Life stressors are also a risk factor. When people are currently experiencing life stressors, such as divorce, financial difficulties, work stress, or children who have emotional problems at school or home, the likelihood of developing PTSD may increase. The precise risk factors for PTSD are very difficult to establish. In general terms, they can be divided into two parts.
The first is exposure to trauma, which is the first criterion of PTSD. The second factor has nothing to do with exposure to trauma, but to personal circumstances, aspects of trauma, and post-traumatic conditions. Understanding that not all people who suffer trauma will develop PTSD, he shares the importance of this genetic research in order to be able to intervene quickly after trauma in people identified as people at greater genetic risk. The strongest group of predictive factors were those that operated during or after the trauma, such as the severity of the trauma, lack of social support, and additional life stress.
As mentioned above, there are a growing number of research studies dedicated to exploring the role of genetics in the development of PTSD. It has been shown that the more intense the event, such as witnessing death or extreme violence or having been injured during the traumatic event, can be a risk factor. The researchers found that, for women who sought care after being raped, a common cause of PTSD, identifying people with risk factors for PTSD, such as other mental health conditions and a significant response to acute stress, could help healthcare providers provide appropriate support after the event. Genetic markers currently being investigated for their role in influencing the development of PTSD include those such as the serotonin transporter gene (5-HTTLPR) and genes associated with the hypothalamic-pituitary-adrenal axis (HPA).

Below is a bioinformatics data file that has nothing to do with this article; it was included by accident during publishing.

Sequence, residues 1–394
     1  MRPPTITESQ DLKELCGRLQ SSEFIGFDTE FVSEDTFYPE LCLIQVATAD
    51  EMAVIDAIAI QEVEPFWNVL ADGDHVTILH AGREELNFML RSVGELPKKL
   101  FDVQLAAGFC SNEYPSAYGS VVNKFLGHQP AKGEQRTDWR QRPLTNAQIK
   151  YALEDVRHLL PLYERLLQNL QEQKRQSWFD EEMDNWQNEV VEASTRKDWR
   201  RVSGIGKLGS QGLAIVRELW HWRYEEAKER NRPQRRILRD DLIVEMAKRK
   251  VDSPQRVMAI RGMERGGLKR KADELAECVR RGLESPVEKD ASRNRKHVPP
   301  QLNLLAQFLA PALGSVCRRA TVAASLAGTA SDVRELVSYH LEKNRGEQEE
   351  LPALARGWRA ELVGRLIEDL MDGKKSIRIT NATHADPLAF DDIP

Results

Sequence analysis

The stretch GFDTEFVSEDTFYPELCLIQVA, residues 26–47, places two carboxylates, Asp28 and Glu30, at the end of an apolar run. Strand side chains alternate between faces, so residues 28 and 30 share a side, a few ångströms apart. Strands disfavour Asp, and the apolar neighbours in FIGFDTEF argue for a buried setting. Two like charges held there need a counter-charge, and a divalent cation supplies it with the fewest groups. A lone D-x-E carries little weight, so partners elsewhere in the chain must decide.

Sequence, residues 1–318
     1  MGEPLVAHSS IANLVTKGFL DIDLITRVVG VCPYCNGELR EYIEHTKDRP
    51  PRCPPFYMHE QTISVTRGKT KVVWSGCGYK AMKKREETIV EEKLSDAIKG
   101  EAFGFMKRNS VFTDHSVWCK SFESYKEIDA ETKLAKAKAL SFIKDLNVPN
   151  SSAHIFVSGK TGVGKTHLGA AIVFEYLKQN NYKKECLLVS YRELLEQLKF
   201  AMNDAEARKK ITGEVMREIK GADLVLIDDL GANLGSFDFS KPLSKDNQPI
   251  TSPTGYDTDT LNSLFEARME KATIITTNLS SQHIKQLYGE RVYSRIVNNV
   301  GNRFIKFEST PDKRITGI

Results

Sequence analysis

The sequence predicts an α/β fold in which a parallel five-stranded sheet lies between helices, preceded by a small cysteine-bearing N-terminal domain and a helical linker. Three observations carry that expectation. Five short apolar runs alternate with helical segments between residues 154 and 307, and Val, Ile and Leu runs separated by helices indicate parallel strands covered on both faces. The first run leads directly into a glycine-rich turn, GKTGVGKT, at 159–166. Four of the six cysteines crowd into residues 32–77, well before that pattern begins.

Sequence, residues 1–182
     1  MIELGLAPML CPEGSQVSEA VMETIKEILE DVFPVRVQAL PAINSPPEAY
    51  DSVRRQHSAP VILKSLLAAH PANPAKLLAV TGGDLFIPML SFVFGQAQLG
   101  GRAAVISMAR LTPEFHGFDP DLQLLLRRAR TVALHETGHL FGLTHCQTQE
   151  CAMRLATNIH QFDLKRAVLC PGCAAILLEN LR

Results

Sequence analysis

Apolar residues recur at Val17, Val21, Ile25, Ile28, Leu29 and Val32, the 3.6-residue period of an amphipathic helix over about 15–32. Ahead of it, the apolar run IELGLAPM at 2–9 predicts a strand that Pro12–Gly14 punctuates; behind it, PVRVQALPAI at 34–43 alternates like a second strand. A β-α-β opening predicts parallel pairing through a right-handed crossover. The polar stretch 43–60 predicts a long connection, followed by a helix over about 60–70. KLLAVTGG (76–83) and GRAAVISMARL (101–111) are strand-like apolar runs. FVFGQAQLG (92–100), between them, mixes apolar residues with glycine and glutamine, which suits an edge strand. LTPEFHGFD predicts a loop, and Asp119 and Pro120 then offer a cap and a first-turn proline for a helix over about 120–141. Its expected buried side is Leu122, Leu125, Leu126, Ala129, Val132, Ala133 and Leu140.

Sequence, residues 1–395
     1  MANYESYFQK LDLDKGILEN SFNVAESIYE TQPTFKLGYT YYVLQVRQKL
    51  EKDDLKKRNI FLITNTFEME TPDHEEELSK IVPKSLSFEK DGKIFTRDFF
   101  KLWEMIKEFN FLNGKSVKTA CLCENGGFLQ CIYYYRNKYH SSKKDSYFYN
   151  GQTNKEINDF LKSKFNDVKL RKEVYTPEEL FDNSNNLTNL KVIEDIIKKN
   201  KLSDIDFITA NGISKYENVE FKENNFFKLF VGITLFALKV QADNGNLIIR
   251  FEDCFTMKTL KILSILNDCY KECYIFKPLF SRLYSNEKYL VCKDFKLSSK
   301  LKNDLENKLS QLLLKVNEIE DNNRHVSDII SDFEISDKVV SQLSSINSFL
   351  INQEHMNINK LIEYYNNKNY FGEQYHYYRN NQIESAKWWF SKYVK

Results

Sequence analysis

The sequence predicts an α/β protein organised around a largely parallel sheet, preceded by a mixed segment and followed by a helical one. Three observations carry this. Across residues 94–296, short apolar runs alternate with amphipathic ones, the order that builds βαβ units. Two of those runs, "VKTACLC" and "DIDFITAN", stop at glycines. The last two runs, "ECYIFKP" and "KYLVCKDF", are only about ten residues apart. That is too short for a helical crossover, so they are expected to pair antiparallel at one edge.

About 70 percent of American adults have experienced a traumatic event at some point in their lives and, as a result, about 20 percent of them develop PTSD. People who generally try to deal with challenges in isolation may be at greater risk of developing post-traumatic stress disorder. Regardless of whether or not you develop PTSD, it's mostly about how you, as an individual, process the experience. For some people, having a history of trauma increases the risk of developing PTSD after another trauma, while other people suffer multiple traumas and don't develop PTSD, says Gary Brown, PhD, a Los Angeles-based psychotherapist who has been treating PTSD survivors for 25 years.
Researchers have found that, among women of European and American origin, in particular, about a third (29 percent) of the risk of developing PTSD after a traumatic event was influenced by genetic factors. The good news is that post-traumatic stress disorder could be prevented if you know your risk profile and receive appropriate support immediately after a traumatic event. Exposure to trauma is the factor that initiates PTSD, however, there may be other influential elements to consider. By understanding that the emotional impact of trauma can have a cumulative effect, it can be easier to understand how past traumatic experiences can be a risk factor for a person developing PTSD after a marked traumatic event.